LIMA — On Saturday, local residents participated in Lima’s ninth annual Suicide Awareness and Prevention Walk, remembering those who have died through suicide and bringing attention to a problem that last week left the community grieving the loss of a young man who decided to take his own life.
Shawnee High School student Jon Andrews was found dead at the school’s soccer field in what officials said was a suicide. Andrews becomes at least the second teenager to commit suicide in Allen, Auglaize and Hardin counties this year, according to the Partnership for Violence Free Families.
As family, friends, fellow students and the community remembered the life of Andrews and others, mental health officials were hoping suicide prevention efforts such as Saturday’s walk will prevent a similar tragedy.
PVFF and other mental health agencies offer a variety of resources for teens and adults who are thinking about suicide, as well as for those who believe their loved one may be having suicidal thoughts. The organization has suicide prevention coalitions in Allen, Auglaize and Hardin counties, which are responsible for activities such as passing out brochures and drink coasters with the suicide hopeline number in local bars and doctor’s offices.
Along with the hopeline number, those thinking of suicide can also use a new texting service. The national texting hotline is operated 24 hours a day, seven days a week, and connects people with a mental health professionals.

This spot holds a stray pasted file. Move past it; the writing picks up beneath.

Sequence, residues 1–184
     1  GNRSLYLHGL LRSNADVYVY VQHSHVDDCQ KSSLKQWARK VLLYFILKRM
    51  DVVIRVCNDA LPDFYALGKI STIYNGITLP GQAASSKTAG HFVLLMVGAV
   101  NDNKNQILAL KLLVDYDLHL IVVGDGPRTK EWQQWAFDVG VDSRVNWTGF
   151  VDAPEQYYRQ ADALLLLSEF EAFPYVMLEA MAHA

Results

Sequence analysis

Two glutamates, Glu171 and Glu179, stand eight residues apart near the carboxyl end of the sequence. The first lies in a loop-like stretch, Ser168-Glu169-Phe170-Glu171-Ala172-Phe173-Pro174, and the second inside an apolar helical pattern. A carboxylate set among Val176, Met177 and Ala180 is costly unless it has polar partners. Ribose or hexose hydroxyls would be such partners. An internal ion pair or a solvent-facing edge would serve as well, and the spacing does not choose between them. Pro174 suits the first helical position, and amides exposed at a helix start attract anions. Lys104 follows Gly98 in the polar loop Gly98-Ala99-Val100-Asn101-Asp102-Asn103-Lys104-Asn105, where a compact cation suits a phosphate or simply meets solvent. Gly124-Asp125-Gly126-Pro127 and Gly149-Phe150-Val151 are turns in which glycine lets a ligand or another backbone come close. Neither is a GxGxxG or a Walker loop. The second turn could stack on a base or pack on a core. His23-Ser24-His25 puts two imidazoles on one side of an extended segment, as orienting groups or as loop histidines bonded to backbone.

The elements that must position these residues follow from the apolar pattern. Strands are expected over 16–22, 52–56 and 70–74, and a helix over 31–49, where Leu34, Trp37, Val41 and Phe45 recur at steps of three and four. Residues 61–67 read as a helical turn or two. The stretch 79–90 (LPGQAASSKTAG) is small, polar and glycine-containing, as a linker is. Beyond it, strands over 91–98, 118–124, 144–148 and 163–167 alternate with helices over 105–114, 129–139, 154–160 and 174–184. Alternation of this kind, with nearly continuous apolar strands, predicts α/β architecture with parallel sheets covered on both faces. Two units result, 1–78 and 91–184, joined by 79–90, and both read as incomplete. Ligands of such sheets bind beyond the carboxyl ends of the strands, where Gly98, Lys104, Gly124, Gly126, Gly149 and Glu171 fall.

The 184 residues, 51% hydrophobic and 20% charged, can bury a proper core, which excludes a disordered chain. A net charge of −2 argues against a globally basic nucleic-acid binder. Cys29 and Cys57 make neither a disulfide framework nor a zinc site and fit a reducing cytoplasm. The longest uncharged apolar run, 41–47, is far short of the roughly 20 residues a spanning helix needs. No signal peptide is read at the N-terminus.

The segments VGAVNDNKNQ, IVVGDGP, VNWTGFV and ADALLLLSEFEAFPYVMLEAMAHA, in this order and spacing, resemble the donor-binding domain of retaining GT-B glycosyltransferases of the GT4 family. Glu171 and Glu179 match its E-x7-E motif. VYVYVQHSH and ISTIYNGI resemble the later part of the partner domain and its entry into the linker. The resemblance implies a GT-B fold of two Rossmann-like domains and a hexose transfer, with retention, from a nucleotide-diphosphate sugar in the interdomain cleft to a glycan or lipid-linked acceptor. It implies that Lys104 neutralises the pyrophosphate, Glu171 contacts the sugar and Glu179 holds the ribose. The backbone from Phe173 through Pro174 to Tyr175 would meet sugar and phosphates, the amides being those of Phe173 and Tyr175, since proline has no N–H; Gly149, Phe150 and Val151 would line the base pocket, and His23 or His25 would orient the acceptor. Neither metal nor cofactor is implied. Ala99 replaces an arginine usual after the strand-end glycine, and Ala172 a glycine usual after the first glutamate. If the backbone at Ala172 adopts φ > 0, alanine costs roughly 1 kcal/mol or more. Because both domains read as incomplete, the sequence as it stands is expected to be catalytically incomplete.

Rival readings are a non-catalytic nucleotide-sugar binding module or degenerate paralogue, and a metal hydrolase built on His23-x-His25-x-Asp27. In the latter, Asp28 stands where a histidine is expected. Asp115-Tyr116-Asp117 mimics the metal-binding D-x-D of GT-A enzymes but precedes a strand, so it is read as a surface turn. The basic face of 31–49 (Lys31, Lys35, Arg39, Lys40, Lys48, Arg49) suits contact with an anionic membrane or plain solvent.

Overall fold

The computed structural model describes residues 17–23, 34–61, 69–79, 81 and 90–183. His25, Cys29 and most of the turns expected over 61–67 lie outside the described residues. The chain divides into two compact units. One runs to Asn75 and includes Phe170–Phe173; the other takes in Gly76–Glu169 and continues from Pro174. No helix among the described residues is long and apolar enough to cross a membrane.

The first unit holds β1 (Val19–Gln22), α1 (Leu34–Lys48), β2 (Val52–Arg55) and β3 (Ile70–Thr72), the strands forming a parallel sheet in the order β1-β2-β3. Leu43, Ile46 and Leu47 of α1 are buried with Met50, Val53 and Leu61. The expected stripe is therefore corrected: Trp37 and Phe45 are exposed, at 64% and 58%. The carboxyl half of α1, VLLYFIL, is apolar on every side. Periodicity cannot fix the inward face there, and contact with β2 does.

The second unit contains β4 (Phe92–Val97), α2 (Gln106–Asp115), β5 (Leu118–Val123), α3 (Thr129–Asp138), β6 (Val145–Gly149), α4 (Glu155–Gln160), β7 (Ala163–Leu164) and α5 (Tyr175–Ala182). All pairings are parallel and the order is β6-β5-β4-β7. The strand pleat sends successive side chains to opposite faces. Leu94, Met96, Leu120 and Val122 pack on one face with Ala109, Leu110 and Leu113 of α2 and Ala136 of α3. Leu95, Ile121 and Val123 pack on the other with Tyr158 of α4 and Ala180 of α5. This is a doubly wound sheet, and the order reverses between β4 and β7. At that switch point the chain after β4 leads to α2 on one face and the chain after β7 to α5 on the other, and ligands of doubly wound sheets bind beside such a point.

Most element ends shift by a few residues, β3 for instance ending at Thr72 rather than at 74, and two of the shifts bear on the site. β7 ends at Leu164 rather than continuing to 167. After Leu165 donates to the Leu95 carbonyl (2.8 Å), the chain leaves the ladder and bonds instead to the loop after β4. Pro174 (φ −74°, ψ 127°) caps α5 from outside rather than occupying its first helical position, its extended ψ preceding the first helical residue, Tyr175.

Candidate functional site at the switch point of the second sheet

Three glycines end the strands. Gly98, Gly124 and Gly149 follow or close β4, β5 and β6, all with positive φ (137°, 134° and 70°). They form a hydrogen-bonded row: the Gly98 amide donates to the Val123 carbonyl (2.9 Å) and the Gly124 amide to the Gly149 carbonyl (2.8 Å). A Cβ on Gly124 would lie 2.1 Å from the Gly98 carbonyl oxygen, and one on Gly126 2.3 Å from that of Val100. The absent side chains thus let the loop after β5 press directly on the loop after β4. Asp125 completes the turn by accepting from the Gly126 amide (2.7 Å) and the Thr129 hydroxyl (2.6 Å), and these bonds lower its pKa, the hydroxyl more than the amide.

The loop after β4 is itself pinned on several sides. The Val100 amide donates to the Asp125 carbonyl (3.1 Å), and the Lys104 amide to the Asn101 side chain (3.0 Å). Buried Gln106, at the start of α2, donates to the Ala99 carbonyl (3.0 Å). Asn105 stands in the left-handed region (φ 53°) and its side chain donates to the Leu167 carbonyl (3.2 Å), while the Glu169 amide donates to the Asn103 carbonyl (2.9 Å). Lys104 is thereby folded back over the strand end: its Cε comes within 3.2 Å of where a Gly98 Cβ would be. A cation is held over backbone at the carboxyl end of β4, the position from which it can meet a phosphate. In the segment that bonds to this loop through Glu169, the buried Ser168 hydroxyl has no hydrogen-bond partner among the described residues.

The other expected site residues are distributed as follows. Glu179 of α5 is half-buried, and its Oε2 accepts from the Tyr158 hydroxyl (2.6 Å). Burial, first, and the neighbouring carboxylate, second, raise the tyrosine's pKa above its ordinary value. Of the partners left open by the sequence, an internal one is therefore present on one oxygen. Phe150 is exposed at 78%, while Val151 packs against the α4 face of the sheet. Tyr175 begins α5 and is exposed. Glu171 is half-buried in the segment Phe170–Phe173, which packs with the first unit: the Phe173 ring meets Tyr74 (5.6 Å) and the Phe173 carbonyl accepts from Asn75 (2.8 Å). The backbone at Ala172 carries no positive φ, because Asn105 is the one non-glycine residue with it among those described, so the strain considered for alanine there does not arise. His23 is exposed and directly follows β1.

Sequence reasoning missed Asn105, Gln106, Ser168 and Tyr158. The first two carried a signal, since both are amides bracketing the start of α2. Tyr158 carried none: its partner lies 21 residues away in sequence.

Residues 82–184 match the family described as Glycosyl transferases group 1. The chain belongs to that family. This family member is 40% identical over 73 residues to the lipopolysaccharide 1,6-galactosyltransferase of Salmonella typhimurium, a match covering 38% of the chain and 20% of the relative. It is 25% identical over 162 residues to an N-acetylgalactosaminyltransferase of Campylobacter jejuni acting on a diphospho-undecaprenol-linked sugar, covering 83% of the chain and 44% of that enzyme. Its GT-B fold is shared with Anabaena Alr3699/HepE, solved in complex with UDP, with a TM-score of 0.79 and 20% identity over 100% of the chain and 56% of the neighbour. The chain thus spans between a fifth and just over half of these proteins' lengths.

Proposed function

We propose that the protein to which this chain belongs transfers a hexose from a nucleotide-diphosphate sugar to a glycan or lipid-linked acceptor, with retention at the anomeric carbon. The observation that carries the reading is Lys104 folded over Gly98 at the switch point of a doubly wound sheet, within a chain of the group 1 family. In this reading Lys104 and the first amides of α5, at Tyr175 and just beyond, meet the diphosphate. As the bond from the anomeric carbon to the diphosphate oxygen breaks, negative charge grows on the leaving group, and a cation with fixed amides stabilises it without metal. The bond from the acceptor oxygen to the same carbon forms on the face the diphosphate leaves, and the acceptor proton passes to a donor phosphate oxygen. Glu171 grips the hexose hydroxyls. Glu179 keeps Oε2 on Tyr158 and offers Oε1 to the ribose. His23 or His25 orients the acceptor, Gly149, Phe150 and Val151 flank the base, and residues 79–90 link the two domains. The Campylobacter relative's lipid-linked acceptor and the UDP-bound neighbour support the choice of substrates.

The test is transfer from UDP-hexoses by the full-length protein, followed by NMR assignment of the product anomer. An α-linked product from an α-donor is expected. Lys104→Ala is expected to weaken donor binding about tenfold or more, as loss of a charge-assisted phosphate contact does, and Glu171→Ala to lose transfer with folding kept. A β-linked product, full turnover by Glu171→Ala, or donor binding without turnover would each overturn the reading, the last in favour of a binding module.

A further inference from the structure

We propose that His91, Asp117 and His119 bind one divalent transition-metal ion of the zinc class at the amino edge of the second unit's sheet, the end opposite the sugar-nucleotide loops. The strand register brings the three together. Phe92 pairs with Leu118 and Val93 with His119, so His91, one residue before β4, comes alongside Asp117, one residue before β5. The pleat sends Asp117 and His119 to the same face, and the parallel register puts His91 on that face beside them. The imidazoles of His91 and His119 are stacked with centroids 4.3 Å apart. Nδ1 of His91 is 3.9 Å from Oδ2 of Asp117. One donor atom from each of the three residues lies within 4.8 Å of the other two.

“Sometimes people don’t feel comfortable calling or coming into a mental health agency, so this is terrific for those people, especially teens, to reach out and make a connection with somebody,” said Mike Schoenhofer, executive director of the Mental Health and Recovery Services Board.
If a responder determines the person they’re texting is in danger of harming themselves, they can send emergency responders to help that person no matter where they are in the country.
“I’ve talked to crisis workers who are on the texting hotline, and they said they’ve had a number of occasions where they have been able to save a life by connecting a suicidal person with emergency responders,” Schoenhofer said.
For people who feel that someone they are close to may be thinking of suicide, Schoenhofer and Dickman agreed the best way to approach it is to ask them directly.
“We recommend asking one of two questions: Are you contemplating suicide or are you thinking of taking your own life?” said PVFF Director Donna Dickman. “The second thing we tell them is, if they are considering it, ask if they have a plan. We know the more in depth the plan, the more intention of carrying it out.”
Schoenhofer said if someone is uncomfortable asking these questions, he recommends they stay in constant contact with that person, asking if they’re OK and and why they seem down.
“They have to know you’re serious and that you want to stay connected,” Schoenhofer said. “You want them to feel that they’re not alone because that’s a feeling they already have. Your persistence in that connection can make a big difference.”
Reach John Bush at 567-242-0456 or on Twitter @bush_lima.